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Prisoners Sue Illinois Department Of Corrections Over Solitary Confinement

flickr user / Michael Coghlan "Prison Bars" (CC BY-SA 2.0)

A federal lawsuit alleges that the Illinois Department of Corrections use of solitary confinement is “cruel, inhumane and offensive to basic human decency.”

Credit flickr user / Michael Coghlan "Prison Bars" (CC BY-SA 2.0)

The complaint says about 23 hundred people in Illinois prisons are in solitary on any given day -- and that many of those people are there for very minor infractions.

Brian Nelson spent 23 years in solitary.

“I paced 18 hours every day, and they had to cut blood blisters off my feet,” Nelson said. “Consider an animal in the zoo-- we don’t put them in an environment like that.”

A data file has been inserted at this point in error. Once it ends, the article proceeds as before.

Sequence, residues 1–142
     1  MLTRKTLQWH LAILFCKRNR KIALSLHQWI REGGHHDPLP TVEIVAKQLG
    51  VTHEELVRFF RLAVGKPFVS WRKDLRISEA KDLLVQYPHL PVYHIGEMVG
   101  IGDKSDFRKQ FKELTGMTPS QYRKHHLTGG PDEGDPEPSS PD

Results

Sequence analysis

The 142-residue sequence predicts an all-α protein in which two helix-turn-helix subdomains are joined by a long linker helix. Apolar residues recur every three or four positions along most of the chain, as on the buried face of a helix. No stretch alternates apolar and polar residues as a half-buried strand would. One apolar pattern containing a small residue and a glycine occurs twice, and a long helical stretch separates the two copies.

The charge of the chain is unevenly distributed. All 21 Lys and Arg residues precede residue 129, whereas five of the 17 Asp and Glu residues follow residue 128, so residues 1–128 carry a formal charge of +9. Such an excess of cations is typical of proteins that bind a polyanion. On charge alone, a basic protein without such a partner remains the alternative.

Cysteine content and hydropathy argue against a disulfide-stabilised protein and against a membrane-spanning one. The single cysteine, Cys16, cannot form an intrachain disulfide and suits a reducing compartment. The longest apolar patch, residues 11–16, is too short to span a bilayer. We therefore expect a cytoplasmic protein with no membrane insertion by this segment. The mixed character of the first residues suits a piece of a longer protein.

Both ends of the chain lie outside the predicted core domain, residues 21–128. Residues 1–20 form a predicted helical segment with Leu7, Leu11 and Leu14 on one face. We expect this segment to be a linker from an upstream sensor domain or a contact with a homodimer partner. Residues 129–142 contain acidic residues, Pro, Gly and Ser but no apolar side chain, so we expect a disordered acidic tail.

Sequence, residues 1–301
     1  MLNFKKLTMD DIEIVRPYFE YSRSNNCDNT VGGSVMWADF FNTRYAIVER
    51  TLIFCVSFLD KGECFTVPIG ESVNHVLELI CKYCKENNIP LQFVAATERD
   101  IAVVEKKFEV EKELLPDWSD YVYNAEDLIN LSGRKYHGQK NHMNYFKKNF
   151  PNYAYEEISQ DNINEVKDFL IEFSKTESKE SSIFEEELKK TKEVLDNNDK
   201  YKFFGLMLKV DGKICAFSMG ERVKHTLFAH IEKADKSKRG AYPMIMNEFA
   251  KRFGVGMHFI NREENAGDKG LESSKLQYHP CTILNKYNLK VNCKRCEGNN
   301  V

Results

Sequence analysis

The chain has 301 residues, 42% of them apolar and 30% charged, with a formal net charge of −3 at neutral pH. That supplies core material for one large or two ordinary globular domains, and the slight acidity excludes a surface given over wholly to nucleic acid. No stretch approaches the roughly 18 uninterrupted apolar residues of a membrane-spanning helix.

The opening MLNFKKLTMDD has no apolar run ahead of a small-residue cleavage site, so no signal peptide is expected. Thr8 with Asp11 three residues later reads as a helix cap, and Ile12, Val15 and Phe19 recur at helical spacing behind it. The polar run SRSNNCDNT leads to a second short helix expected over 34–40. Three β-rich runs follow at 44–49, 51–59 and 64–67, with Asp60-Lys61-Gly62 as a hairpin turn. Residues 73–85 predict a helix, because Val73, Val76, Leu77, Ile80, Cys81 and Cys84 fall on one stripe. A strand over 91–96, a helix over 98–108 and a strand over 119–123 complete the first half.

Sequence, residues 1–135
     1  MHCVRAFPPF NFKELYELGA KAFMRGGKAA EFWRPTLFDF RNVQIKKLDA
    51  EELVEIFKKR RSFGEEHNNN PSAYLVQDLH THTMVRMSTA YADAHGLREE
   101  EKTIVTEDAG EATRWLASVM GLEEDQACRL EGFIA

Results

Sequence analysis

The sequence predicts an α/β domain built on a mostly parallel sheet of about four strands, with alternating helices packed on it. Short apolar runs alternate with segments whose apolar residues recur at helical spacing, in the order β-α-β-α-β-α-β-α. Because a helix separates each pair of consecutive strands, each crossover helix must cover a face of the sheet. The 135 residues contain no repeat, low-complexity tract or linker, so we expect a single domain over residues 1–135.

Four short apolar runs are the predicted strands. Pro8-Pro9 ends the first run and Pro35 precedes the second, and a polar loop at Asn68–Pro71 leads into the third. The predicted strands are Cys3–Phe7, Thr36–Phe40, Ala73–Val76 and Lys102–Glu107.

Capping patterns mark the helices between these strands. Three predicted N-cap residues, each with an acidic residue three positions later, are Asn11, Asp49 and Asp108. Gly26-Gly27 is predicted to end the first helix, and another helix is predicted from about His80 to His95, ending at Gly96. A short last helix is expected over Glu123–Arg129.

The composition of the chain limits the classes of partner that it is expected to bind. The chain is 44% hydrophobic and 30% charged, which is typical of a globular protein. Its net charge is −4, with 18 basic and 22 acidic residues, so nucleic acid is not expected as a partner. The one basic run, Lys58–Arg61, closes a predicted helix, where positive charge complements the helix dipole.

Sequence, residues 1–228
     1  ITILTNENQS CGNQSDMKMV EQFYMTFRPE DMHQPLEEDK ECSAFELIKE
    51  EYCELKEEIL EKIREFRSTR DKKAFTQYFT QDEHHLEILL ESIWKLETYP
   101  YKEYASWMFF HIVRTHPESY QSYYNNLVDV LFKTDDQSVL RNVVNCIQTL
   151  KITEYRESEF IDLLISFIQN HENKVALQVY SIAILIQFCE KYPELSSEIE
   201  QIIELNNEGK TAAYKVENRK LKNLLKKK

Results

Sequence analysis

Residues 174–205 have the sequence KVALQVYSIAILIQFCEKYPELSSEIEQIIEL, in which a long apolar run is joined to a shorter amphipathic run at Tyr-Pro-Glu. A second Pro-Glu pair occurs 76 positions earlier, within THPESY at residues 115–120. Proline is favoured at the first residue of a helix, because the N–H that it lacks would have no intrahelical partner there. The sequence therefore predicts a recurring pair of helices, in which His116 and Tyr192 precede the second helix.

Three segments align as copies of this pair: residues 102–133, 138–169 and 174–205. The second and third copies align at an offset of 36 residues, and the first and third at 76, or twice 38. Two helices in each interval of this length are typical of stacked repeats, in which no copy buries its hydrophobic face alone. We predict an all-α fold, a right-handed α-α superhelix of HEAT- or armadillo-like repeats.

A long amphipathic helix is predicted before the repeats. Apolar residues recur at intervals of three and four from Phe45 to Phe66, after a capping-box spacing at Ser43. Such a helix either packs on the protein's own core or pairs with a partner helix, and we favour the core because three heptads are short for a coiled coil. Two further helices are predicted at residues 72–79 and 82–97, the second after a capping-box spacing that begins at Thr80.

He says almost everyone he knows who has survived the experience struggles with mental health.

“We all have a little closet somewhere,” Nelson said. “I got a place in the basement-- it’s pitch black. And I just sit there, and I cry.”  

Nelson still retreats to his closet five years after being released.

The federal lawsuit is seeking class-action status. The complaint says about 2,300 people in Illinois prisons are in solitary on any given day.

An attorney on the case says people can be put in solitary for minor infractions -- like rolling their eyes at a guard.

The Illinois Department of Corrections would not comment on the lawsuit.

Copyright 2015 WNIJ Northern Public Radio

Shannon is a criminal justice reporter. She's also reported on mental health, poverty, labor and climate change.